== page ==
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After reading More Happy Than Not last year, I knew that Adam Silvera would be an author to follow throughout his writing career. The emotions he was able to stir in me, made him stand out from any of the Young Adult or Adult Fiction I have read all together. I am very thankful to have received a eGalley of History Is All You Left Me, as a matter of fact I teared up the night that I received the e-mail. I knew that I was going to be reading an impactful book by a person who has now become one of my top 5 favorite authors. There is seriously nothing like experiencing one of Adams books. His characters grow within the pages while going through it & taking you along for the ride. The relationships he gifts you remain with you long after you’ve read the last sentence. History Is All You Left Me wasn’t any different. I lost track of the times that I smiled & wiped away my tears. It was heart wrenching and painful to see Griff lose his favorite person and yet this was more than a story about grief & loss. This is a story about self reflection, healing, acceptance, coping mechanisms, friendships, human error, love in all its forms. Adam gave us Griffin who struggles with OCD which was one of the things that interested me the most. He showed us the internal tug of war that is having OCD & how it can impose limitations. The scenes where we get Griff’s inner monologue were spot on accurate. During times of high stress, I myself, internally will go back & forth with my compulsions. At times it feels like you can’t move on until it is right, with Griffin it was even #’s at all times with the exception of the numbers one and seven or any number ending in seven. I happen to have the same compulsion of even numbers, but my OCD is more on the mild side than Griff’s. Besides the accurate portrayal of OCD, Adam also gave us healthy relationships on all fronts including the parentals in his book. The LGBTQ and POC (people of color) representation in Adams books, have made him one of my auto-buy authors. If you’re looking for a book that will touch your soul and make you self-reflect, this is the book for you. If you’re looking for your next diverse read with all around positive representation, this is the book for you. I was able to see myself in this book & since that is rare, I appreciate Adam Silvera’s writing and can’t wait to give this book a home on my shelves on it’s birthday 😉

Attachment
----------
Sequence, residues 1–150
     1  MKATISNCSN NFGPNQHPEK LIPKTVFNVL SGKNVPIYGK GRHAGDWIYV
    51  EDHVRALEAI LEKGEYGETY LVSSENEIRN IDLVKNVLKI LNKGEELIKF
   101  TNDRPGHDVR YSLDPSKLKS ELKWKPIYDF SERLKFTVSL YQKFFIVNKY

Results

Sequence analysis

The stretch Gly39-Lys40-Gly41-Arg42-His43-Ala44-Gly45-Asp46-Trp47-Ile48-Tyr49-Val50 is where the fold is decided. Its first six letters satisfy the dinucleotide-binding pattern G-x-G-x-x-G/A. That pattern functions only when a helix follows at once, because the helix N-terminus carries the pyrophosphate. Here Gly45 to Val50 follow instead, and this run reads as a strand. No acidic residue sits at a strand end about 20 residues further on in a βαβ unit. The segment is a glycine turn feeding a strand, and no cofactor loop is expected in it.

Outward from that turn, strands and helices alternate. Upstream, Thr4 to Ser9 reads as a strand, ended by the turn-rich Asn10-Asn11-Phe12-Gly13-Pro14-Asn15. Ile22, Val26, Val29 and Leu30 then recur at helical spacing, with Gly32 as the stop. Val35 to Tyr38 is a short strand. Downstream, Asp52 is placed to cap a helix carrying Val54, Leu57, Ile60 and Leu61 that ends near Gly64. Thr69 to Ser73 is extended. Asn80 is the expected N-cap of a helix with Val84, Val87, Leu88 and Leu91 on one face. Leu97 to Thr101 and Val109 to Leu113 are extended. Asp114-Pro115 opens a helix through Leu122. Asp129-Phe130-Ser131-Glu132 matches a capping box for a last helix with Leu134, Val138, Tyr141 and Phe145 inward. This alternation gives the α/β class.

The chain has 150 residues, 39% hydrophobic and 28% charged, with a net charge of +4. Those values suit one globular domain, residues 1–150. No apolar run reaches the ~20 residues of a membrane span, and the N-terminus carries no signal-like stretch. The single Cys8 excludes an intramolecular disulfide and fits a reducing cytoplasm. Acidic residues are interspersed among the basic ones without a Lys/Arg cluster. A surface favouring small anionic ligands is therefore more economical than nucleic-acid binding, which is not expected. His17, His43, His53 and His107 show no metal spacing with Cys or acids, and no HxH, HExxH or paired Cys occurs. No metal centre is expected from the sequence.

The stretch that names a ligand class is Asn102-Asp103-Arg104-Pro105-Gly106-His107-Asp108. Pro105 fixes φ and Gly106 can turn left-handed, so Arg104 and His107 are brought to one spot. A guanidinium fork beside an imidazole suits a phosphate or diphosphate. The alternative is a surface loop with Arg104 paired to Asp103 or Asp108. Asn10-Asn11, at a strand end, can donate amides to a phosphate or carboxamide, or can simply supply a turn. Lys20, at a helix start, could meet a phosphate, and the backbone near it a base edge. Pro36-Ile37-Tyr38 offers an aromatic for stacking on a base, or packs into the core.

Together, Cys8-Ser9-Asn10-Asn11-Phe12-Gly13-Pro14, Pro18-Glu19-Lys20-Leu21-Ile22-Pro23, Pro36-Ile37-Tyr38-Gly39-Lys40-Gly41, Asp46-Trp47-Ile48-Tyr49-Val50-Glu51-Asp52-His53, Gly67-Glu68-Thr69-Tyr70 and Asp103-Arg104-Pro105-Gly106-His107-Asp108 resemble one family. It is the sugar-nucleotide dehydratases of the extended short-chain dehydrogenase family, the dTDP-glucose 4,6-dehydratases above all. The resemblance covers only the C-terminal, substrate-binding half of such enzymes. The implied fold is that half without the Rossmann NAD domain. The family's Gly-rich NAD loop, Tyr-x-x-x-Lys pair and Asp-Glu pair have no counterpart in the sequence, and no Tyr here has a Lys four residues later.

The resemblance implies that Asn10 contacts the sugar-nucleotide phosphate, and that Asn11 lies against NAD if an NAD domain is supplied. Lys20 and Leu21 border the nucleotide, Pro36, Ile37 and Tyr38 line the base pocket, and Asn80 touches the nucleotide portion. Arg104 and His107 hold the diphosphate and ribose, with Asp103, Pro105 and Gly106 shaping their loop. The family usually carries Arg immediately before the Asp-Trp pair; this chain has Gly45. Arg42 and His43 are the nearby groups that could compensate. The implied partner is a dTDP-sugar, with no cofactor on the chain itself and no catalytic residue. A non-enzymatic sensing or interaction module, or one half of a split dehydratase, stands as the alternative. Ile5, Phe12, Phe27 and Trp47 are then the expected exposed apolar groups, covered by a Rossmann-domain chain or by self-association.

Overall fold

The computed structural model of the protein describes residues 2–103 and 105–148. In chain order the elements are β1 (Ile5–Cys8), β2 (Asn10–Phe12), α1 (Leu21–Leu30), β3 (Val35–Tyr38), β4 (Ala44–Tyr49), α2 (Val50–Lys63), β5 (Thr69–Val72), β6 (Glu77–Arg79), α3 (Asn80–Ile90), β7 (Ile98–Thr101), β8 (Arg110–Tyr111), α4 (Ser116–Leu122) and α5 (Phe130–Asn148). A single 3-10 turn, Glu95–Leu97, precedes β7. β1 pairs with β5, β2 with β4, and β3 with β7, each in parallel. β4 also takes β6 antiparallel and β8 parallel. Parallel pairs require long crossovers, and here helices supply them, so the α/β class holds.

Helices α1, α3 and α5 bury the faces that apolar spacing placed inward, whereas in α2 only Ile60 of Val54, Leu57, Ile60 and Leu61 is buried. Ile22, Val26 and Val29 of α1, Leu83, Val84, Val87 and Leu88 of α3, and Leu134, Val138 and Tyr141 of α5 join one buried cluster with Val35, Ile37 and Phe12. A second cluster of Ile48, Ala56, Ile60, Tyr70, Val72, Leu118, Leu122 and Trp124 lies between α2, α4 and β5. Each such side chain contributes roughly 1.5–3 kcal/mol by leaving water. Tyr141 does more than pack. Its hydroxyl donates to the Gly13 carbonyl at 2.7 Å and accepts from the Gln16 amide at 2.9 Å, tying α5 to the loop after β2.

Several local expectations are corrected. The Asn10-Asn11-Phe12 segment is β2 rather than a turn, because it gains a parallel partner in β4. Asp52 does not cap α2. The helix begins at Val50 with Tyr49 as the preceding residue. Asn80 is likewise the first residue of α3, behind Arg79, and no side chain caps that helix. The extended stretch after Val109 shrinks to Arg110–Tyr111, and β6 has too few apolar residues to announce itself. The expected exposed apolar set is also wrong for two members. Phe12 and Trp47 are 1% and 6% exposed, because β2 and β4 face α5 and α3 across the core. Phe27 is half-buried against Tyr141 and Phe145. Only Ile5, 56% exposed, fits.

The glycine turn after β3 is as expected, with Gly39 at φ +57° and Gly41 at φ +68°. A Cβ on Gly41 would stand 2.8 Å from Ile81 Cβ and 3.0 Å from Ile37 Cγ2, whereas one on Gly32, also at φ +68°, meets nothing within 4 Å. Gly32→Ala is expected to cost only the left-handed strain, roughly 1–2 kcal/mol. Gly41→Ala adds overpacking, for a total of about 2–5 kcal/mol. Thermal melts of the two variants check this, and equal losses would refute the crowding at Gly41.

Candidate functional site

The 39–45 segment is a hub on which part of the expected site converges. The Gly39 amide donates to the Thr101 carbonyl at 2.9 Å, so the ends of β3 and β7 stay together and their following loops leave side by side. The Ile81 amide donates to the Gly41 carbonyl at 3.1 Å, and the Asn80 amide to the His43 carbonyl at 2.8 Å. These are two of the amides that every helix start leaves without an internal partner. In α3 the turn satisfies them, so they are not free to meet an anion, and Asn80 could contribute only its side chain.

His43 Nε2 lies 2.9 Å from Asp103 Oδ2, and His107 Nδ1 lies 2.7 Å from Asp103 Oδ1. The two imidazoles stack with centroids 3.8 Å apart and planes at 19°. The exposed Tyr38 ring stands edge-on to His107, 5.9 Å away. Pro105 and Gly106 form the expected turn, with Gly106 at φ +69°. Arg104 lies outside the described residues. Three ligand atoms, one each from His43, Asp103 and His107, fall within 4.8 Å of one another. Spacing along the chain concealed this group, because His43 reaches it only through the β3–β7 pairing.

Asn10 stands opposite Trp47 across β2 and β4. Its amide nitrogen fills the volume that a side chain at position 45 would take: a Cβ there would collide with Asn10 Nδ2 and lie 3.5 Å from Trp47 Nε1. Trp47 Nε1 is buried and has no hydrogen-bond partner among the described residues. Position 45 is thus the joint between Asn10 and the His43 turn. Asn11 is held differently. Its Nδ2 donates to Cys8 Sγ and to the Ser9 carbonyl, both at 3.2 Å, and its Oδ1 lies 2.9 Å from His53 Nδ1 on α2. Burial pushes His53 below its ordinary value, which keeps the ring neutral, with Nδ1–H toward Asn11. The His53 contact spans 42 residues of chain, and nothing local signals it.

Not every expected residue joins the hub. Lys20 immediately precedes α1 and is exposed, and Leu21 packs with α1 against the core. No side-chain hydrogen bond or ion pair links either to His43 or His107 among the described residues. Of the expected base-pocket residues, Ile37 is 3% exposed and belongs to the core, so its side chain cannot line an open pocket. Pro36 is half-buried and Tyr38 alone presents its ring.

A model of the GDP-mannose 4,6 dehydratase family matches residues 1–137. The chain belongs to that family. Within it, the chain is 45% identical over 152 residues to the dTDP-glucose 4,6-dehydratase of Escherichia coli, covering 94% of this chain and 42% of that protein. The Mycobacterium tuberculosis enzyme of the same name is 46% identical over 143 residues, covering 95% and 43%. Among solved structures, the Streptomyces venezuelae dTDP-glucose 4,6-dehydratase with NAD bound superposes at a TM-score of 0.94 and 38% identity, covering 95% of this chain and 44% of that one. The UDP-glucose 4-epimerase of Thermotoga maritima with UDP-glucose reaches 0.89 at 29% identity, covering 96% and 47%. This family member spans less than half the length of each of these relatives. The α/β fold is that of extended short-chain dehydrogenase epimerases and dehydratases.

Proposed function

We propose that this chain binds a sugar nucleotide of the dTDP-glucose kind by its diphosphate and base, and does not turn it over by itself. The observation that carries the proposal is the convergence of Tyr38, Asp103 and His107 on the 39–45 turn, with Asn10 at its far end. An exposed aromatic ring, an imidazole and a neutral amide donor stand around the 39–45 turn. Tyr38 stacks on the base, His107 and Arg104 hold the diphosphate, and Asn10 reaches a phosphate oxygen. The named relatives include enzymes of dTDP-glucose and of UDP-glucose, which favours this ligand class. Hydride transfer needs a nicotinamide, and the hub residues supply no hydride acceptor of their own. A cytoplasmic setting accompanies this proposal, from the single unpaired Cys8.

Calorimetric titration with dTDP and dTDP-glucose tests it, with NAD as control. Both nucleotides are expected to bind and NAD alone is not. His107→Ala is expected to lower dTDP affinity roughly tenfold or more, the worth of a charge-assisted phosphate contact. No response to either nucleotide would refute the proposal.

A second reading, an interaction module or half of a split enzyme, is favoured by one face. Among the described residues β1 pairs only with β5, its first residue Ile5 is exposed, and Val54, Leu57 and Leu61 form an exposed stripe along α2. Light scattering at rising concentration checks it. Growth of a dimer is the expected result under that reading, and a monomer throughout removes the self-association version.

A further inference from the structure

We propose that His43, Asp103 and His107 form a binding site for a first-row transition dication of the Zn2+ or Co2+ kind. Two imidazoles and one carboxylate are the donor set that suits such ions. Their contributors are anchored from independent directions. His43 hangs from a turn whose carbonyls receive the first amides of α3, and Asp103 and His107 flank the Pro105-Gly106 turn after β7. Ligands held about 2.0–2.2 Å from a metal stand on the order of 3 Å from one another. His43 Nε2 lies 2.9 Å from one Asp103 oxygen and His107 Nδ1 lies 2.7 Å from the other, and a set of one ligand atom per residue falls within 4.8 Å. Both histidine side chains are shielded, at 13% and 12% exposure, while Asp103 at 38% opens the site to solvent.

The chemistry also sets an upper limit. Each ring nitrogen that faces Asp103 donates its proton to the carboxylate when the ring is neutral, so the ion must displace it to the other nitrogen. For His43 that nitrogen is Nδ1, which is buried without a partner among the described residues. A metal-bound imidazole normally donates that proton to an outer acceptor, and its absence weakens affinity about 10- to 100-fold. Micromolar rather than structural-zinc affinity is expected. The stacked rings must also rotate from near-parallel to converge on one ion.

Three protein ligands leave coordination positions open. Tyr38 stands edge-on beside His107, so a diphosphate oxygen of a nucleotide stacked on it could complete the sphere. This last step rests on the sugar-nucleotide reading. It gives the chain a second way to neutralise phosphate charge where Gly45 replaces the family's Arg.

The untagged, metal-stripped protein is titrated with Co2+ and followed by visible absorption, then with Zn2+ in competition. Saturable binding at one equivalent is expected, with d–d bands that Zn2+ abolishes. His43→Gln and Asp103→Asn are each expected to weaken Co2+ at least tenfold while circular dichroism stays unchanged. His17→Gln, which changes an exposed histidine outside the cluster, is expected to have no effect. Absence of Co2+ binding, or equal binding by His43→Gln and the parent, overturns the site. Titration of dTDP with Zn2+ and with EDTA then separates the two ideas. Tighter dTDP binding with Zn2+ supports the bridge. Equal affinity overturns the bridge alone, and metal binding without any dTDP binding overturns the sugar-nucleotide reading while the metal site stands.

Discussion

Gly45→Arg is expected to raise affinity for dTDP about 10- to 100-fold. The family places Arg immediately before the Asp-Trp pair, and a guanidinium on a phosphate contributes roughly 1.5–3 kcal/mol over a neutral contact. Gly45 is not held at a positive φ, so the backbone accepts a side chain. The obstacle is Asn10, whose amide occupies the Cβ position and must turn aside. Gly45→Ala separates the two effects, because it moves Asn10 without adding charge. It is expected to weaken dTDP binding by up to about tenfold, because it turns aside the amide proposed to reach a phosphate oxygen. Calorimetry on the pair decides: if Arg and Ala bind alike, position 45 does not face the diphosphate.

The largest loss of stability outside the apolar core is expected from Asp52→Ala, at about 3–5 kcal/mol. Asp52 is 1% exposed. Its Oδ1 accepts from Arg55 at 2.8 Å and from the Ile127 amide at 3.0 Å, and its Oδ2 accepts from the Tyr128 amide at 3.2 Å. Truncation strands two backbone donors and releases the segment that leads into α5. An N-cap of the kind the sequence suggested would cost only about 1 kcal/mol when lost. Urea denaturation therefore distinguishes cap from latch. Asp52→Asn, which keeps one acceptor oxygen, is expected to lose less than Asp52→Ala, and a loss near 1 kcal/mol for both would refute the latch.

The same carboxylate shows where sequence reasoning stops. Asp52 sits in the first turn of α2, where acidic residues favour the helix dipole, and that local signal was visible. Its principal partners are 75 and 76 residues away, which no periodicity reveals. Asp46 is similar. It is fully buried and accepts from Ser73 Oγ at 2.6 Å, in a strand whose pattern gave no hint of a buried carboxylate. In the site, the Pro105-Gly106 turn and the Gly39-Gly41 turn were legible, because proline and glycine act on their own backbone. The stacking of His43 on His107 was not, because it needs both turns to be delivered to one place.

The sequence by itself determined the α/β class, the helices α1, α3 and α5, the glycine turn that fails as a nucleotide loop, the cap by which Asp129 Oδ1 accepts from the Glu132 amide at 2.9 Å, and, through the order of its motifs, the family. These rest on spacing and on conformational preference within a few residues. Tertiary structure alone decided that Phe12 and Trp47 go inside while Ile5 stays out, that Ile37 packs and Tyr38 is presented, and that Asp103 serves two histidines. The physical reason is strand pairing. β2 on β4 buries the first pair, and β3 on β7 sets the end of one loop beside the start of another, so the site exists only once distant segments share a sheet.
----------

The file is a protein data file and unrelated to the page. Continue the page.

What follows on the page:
“History remains with the people who will appreciate it most”- History Is All You Left Me by Adam Silvera

Review: Manipulated Lives by H.A. Leuschel

manipulated-livesReview: Manipulated Lives by H.A. Leuschel

Date of Publication: June 8th 2016

Genres: Fiction, Contemporary, psychology, Short Stories

Pages: 274

Format: eGalley (provided by author)

Rating:★★★★ (4.5 Stars)

A very special thank you to the lovely H.A. Leuschel for providing me with a eGalley of her book Manipulated Lives. All opinions are my own.

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Have you ever felt confused or at a loss for words in front of a spouse, colleague or parent, to the extent that you have felt inadequate or, worse, a failure? Do you ever wonder why someone close to you seems to endure humiliation without resistance? 
Manipulators are everywhere. At first these devious and calculating people can be hard to spot, because that is their way. They are often masters of disguise: witty, disarming, even charming in public – tricks to snare their prey – but then they revert to their true self of being controlling and angry in private. Their main aim: to dominate and use others to satisfy their needs, with a complete lack of compassion and empathy for their victim. 
In this collection of short novellas, you meet people like you and me, intent on living happy lives, yet each of them, in one way or another, is caught up and damaged by a manipulative individual. First you meet a manipulator himself, trying to make sense of his irreversible incarceration. Next, there is Tess, whose past is haunted by a wrong decision, then young, successful and well balanced Sophie, who is drawn into the life of a little boy and his troubled father. Next, there is teenage Holly, who is intent on making a better life for herself and finally Lisa, who has to face a parent’s biggest regret. All stories highlight to what extent abusive manipulation can distort lives and threaten our very feeling of self-worth.